Challenges to the Validity of Legislation (Procedure on Receipt of Notice)

Challenges to the Validity of Legislation (Procedure on Receipt of Notice)

DATE: October 20, 2009

SUBJECT: THE PROCEDURE TO BE FOLLOWED UPON RECEIPT OF A CONSTITUTIONAL OR OTHER
CHALLENGE TO THE VALIDITY OF FEDERAL OR PROVINCIAL LEGISLATION

Procedure:

Background

The Criminal Justice Division (Alberta Prosecution Service) handles all challenges to the Criminal Code and YCJA. The Legal Services Division (Constitutional Law and Aboriginal Law Branch) handles all challenges to the applicability or constitutionality of provincial legislation.

The following procedure is to be used whenever a prosecutor receives notice that the accused intends to challenge the validity or applicability of legislation (either federal or provincial statutes).

The Requirement for Notice Generally:

In respect of applications challenging the constitutional validity or applicability of a federal or provincial enactment, s. 24 of the Judicature Act RSA 2000, c. J-2 sets out the following notice requirements:

  1. written notice of such an application must be provided to both the federal and provincial Attorneys General at least 14 days prior to the application; and
  2. the written notice shall specify the section being challenged and shall provide “reasonable particulars” of the argument to be advanced.

The requirement of notice is to ensure that governments have a full opportunity to support the constitutional validity of the legislation and to ensure that the presiding judge or justice has an adequate evidentiary record in constitutional cases.

Notice is also required pursuant to the Constitutional Notice Regulation AR 102/99.

Challenges to Federal Legislation

Upon receipt of notice, written or otherwise, that an accused person intends to challenge the validity or applicability of any federal legislation (usually a provision of the Criminal Code of Canada or the Youth Criminal Justice Act), the Crown prosecutor involved shall:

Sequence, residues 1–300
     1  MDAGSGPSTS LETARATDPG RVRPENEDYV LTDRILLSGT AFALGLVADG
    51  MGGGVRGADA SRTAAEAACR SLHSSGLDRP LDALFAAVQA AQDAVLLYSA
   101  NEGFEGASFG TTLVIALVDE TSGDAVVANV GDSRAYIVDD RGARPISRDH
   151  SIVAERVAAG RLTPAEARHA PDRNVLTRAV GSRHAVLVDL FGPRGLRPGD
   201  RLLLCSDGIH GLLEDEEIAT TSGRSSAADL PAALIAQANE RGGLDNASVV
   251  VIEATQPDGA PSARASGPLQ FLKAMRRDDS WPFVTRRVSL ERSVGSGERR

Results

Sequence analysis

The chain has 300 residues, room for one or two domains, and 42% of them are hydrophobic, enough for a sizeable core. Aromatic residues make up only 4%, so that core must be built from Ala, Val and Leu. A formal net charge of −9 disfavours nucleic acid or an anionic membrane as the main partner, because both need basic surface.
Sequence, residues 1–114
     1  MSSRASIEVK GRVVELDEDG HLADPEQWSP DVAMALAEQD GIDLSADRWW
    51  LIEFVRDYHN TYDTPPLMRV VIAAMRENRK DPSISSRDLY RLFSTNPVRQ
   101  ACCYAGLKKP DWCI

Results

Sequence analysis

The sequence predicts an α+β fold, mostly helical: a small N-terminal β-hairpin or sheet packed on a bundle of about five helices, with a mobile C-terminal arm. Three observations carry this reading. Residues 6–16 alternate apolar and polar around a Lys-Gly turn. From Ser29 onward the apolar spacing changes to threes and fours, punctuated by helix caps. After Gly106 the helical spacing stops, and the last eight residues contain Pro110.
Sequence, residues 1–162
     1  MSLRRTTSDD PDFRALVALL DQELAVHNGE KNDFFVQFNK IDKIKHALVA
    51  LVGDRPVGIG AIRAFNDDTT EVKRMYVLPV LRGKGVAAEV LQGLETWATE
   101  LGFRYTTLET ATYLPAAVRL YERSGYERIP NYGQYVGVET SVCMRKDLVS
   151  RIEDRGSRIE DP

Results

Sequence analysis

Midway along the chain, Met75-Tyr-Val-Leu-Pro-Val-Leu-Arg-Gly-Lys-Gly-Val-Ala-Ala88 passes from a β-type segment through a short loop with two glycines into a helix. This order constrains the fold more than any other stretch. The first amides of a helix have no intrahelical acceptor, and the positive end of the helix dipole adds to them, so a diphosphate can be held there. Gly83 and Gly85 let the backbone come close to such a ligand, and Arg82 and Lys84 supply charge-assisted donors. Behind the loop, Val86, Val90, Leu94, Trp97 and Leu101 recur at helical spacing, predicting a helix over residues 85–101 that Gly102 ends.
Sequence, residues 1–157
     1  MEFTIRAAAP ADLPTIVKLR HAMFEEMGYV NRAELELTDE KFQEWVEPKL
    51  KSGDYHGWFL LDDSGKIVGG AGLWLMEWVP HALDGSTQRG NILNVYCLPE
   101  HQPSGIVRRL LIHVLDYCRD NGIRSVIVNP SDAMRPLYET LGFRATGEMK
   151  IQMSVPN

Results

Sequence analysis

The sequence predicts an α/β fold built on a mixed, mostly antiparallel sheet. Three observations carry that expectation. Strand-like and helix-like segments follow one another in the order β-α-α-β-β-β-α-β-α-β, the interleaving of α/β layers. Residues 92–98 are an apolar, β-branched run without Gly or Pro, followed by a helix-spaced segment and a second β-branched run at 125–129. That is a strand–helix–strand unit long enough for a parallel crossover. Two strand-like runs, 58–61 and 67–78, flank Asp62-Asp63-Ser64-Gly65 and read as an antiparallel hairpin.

1. Immediately advise and forward a copy of the Notice to their Chief Crown Prosecutor (or his or her designate);
  2. Immediately advise and forward (by fax) a copy to the Director of Appeals; and
  3. Maintain conduct of the prosecution, including drafting the response to the challenge;
  4. In setting a date for hearing of the constitutional challenge, keep in mind the general rule that the application should not be heard prior to trial, but should be heard either during the course of the trial or at the end of it, if necessary; and,
  5. Immediately upon resolution of the challenge (whether by a court determination or otherwise) notify their Chief Crown Prosecutor or designate, and the Director of Appeals.

The Chief Crown Prosecutor (or their designate) and a member of the Appeals and Prosecution Policy Branch will coordinate the handling of the constitutional challenge. Within each office there is a designated person (the Chief Crown Prosecutor or their designate) who is responsible for coordinating the handling of constitutional challenges in that office, receiving all notices of constitutional challenges and liaising with a member of the Appeals and Prosecution Policy Branch. A member of the Appeals and Prosecution Policy Branch will at times handle the constitutional challenge at the trial level, but cannot attend to all constitutional challenges brought in the trial courts. When they are unable to attend to handle the constitutional challenge they will support and assist the trial prosecutor.

Challenges to Provincial Legislation, Aboriginal Rights, and Alberta Bill of Rights

Upon receipt of notice, written or otherwise, that an accused person intends to

The Crown prosecutor involved shall:

  1. Immediately advise their Chief Crown Prosecutor, who shall monitor the progress of the case throughout;
  2. Immediately advise the Director of Constitutional Law or the Director of Aboriginal Law (as the case may be) of the challenge or issue (and provide a copy of any written notice received), who shall then handle the Attorney General’s response to the challenge or issue; and,
  3. Immediately upon resolution of the challenge or issue (whether by a court determination or otherwise) notify their Chief Crown Prosecutor, the Director of Appeals, and the Director of Constitutional or Aboriginal Law of the result.